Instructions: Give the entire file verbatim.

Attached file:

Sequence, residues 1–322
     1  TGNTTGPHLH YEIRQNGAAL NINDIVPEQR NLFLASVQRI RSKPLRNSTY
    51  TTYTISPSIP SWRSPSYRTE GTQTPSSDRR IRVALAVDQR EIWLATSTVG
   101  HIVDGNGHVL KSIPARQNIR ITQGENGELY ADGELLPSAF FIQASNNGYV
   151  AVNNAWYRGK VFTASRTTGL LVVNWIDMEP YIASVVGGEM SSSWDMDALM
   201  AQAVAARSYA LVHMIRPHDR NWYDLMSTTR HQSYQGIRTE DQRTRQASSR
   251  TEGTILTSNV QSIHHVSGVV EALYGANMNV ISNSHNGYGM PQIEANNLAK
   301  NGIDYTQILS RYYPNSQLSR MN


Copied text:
Sequence, residues 1–322
     1  TGNTTGPHLH YEIRQNGAAL NINDIVPEQR NLFLASVQRI RSKPLRNSTY
    51  TTYTISPSIP SWRSPSYRTE GTQTPSSDRR IRVALAVDQR EIWLATSTVG
   101  HIVDGNGHVL KSIPARQNIR ITQGENGELY ADGELLPSAF FIQASNNGYV
   151  AVNNAWYRGK VFTASRTTGL LVVNWIDMEP YIASVVGGEM SSSWDMDALM
   201  AQAVAARSYA LVHMIRPHDR NWYDLMSTTR HQSYQGIRTE DQRTRQASSR
   251  TEGTILTSNV QSIHHVSGVV EALYGANMNV ISNSHNGYGM PQIEANNLAK
   301  NGIDYTQILS RYYPNSQLSR MN